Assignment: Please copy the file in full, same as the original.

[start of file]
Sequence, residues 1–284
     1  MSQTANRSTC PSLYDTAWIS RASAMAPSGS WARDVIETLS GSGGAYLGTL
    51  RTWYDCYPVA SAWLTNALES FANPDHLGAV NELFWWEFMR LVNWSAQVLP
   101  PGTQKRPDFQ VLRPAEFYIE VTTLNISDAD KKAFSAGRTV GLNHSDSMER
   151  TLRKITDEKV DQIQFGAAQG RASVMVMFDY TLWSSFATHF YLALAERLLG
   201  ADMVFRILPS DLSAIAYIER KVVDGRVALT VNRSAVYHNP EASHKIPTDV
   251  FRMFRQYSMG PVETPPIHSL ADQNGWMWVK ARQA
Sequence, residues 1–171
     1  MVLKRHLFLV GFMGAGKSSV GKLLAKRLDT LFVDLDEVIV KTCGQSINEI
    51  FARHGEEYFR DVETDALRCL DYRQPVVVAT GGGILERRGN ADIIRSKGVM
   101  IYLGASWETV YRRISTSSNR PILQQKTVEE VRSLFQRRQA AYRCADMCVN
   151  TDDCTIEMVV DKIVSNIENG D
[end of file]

Sequence, residues 1–284
     1  MSQTANRSTC PSLYDTAWIS RASAMAPSGS WARDVIETLS GSGGAYLGTL
    51  RTWYDCYPVA SAWLTNALES FANPDHLGAV NELFWWEFMR LVNWSAQVLP
   101  PGTQKRPDFQ VLRPAEFYIE VTTLNISDAD KKAFSAGRTV GLNHSDSMER
   151  TLRKITDEKV DQIQFGAAQG RASVMVMFDY TLWSSFATHF YLALAERLLG
   201  ADMVFRILPS DLSAIAYIER KVVDGRVALT VNRSAVYHNP EASHKIPTDV
   251  FRMFRQYSMG PVETPPIHSL ADQNGWMWVK ARQA
Sequence, residues 1–171
     1  MVLKRHLFLV GFMGAGKSSV GKLLAKRLDT LFVDLDEVIV KTCGQSINEI
    51  FARHGEEYFR DVETDALRCL DYRQPVVVAT GGGILERRGN ADIIRSKGVM
   101  IYLGASWETV YRRISTSSNR PILQQKTVEE VRSLFQRRQA AYRCADMCVN
   151  TDDCTIEMVV DKIVSNIENG D